The latter seconds of both the Austrian and British Grand Prix qualifying sessions will clash with a World Cup game. The former on Saturday 30th June will see a slight clash with France versus Argentina, whilst Silverstone’s qualifying session clashing with the opening seconds of a quarter-final clash.

Lastly, the second half of the Austrian Grand Prix will clash with Spain’s round of 16 clash with Russia. What is interesting is that the majority of the clashes could have been avoided had the sessions started at the same time they did in 2017, before Liberty Media tweaked the weekend schedule.


So, when we see the headline “F1 hits new audience low”, we should also remember that an F1 race before 2018 had never faced a World Cup game the 21st century. When Bernie Ecclestone was at the helm, he was sensible enough to move qualifying or the race a couple of hours here or there, avoiding even the slightest potential of a clash, because he knew it would harm the sports audience in the affected territories.

Another element to this is that Formula 1 has significantly more pay-TV contracts now than it did in the mid-2000s, meaning that the number of broadcasters airing both F1 and the World Cup may have decreased, resulting in less pressure towards Formula One Management to change its time slots.

I love Formula 1 and motor racing but I, like millions of others, also enjoy the spectacle that is the World Cup. Even if you do not follow club football, the World Cup has the power to reach cross sections of the population that many other sporting platforms fail to reach. Expecting F1 to come out unscathed from any kind of clash is somewhat naive.

In my opinion, Liberty Media are failing to see the global sporting picture, and where F1 fits in. The World Cup is a once in four years event, and they must be prepared to work around events such as that if F1 is to sustain a healthy audience throughout the course of the season. Liberty Media’s stubbornness is likely to cost the sport millions of viewers worldwide over the forthcoming weeks.

F1 session times have been sourced from FORIX. TV scheduling details have been sourced from Overnights.tv’s programme search.

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5 thoughts on “Changing times: Analysing F1’s willingness to work around the World Cup

  1. Excellent analysis, it almost seems as though Liberty put no thoughts into the scheduling whatsoever (minus France last weekend) and assume that people (especially the casual audience) will choose F1 over the World Cup…fact is, they haven’t…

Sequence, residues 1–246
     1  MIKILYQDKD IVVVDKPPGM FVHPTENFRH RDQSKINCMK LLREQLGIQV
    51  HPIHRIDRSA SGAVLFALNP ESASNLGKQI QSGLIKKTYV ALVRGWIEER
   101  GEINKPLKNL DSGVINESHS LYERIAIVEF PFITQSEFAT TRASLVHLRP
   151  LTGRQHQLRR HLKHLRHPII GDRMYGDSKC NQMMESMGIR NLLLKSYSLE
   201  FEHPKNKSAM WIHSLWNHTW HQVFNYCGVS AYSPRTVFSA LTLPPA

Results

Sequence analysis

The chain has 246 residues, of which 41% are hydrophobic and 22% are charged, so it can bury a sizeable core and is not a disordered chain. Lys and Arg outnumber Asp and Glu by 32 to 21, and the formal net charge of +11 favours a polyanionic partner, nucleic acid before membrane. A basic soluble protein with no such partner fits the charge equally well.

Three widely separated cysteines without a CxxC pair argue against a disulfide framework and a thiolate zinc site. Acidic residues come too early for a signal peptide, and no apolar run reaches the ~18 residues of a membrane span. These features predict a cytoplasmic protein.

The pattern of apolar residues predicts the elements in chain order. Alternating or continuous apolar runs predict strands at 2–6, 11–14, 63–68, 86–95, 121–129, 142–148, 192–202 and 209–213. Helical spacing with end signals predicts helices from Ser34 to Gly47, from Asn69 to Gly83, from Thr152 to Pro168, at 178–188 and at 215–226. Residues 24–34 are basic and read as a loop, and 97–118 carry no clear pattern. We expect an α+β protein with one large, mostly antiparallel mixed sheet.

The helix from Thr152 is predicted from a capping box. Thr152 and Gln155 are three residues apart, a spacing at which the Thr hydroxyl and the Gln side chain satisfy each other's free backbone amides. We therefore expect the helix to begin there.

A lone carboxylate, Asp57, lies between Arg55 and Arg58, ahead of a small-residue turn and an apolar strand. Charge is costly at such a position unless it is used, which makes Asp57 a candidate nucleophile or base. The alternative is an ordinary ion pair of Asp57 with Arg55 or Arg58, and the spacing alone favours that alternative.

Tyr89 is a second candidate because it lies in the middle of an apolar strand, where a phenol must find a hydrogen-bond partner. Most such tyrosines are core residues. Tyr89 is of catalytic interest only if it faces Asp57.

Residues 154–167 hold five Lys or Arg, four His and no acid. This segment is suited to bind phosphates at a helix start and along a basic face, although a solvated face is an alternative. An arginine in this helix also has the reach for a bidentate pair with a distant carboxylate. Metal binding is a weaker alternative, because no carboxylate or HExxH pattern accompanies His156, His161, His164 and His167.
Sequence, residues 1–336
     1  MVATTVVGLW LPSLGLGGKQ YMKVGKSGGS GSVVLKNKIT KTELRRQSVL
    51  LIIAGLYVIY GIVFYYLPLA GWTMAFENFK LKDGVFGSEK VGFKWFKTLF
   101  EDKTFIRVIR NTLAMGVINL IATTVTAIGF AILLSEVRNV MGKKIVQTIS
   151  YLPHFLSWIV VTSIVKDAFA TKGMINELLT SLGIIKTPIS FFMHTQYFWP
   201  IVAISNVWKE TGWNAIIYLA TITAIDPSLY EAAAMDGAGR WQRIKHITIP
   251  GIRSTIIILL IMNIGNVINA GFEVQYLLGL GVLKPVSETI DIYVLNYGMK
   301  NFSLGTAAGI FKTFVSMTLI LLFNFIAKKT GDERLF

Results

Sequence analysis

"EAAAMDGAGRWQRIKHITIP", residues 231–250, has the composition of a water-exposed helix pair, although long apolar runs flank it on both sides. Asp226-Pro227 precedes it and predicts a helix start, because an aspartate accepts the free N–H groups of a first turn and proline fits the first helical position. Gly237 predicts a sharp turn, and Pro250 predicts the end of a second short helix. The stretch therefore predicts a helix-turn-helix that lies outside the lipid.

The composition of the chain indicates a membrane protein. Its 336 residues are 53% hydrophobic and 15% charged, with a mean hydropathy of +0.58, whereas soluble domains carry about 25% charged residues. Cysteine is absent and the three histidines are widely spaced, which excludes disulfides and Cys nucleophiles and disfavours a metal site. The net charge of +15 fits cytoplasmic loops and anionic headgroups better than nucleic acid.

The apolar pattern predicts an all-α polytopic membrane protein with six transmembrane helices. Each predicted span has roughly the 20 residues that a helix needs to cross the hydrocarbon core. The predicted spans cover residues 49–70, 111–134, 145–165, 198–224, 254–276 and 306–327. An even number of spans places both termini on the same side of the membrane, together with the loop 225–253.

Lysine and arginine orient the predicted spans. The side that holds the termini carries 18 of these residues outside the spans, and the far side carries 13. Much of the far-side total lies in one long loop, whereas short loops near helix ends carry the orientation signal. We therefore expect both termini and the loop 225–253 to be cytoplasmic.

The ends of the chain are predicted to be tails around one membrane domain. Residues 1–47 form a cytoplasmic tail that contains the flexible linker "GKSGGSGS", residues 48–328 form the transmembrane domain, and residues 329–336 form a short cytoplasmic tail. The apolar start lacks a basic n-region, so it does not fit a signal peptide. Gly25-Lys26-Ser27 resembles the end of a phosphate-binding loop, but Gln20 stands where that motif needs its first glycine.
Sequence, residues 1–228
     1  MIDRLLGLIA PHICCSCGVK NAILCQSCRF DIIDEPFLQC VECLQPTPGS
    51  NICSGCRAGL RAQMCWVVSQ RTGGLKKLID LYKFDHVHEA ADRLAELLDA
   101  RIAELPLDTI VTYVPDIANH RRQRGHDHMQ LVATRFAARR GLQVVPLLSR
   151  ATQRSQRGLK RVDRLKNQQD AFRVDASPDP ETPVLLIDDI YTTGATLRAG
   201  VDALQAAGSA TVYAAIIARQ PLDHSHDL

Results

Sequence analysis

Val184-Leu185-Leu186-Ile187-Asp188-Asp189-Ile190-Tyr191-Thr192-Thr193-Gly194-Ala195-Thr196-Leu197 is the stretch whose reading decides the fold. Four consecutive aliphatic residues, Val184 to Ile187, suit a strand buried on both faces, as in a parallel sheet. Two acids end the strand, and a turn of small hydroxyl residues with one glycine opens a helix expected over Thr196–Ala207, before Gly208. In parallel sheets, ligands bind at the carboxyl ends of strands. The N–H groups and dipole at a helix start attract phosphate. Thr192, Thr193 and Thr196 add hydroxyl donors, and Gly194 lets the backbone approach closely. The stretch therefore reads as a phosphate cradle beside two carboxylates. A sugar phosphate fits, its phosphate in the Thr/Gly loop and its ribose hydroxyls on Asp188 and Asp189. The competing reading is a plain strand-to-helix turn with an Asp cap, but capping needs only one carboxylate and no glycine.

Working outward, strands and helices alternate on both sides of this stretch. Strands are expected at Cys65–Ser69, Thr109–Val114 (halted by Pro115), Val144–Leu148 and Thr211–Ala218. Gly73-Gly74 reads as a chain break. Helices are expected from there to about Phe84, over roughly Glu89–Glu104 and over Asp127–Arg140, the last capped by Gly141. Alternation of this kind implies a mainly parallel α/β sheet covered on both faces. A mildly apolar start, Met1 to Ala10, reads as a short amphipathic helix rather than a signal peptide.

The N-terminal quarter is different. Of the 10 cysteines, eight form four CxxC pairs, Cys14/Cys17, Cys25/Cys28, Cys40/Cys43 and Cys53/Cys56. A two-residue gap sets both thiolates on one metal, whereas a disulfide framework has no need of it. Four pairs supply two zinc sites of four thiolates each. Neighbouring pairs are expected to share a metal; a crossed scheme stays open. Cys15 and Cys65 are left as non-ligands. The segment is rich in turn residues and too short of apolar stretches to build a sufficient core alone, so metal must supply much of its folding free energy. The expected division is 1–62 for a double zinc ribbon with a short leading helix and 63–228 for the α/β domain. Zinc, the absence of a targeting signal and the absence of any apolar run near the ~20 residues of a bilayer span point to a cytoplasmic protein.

2. Managed to watch the start of the F1 race by persuading the rest of our lunch party that we would return to the game after the start. So we watched the formation lap, start, crash, safety car, and then went back to the soccer match, which was quite intense, and near the end, we switched back and caught the last lap of the race. If it had rained in France, we would have switched back and forth, and watched more of the race. But F1 made a mistake putting three races during the 2018 World Cup

  3. Yes I think it is difficult to simultaneously schedule a triple header during the World Cup AND worry about trying to adjust the schedule around it; it’s not an especially consistent message.

    But there’s always going to be stuff to clash with. We’ll often talk about the British GP/Wimbledon final clash, or the potential of a clash with the Le Man 24h, or the Olympics. We can say the World Cup is only once every four years, which is true, but the Euros are every other second year, and so there may be talk about clashes with big England games (and others) in that tournament too, so suddenly it’s a once every 2 years sort of problem. At some point you have to accept that if you want to have 21 races a season whilst having a decent off-season then you’re going to be flinging races at the summer months when there’s a lot of sport.

    The bigger problem for me lies in both the quality and the quantity of the product.

    In a 21 race season the average casual fan is unlikely to watch all 21 regardless of the World Cup or not. Its an oversupply of the product which mildly cheapens each individual event somewhat. Even as a hardcore fan 21 has become a bit of a slog, particularly in this modern era when the competitive order doesn’t especially change all that much week to week and races/championships seem to be won as much on the vagaries of how engine/gearbox/other grid penalties play out through the season as much as anything.

    The other thing is the quality. How many people were going into that French GP expecting a great race? Not many, as far as I could tell. Even the drivers were talking it down from pretty much the beginning of the weekend. There’s too many of those sort of low-key, uninspiring races/weekends, which means that people bitten by the last one are more inclined to switch over and watch the relatively one-off big World Cup match or whatever. Now I’m certainly not going all rose tinted specs on this, I remember when I got into the sport in the late 90’s there was generally 1 or 2 really good races a year (often 1 freak dry race plus whatever decent wet weather weekends came along). The modern era can compete with that and even improve upon it a little (there are a quarter more races, which helps) but we’re not talking 8, 9 brilliant races a season, are we? 2 or 3 brilliant ones at best, 3 or 4 more reasonably good and pretty much everything else being ok (other than 3 or 4 absolute stinkers) but otherwise largely instantly forgettable does not make for must watch – especially when there’s another one along in a week. Add in the almost zero per cent chance of a shock win these days (defined as anyone but the big 3 teams winning and even where a third-best-team-Red-Bull win is a minor shock). Now I accept every race can’t be great but with the relentless move to pay TV (which is slashing the available audience anyway), plus ever more different other things competing for attention against F1, I think we’re entitled to expect a bit more “great” than we’re currently getting.

    It all adds up very much to the sort of weak confidence in the product landscape that precisely leads to a fear of any other big sporting events and a desire to tweak the schedule arbitrarily to get some clear air.

  4. Yeah but the amount out times F1 and the Euros have clashed is pretty high though

    Canada 2004 springs to mind 🙄

  5. 1982 Dutch Grand Prix had to be started 12:00 pm on the Saturday due to 1982 world cup due to the needs of TV rights holders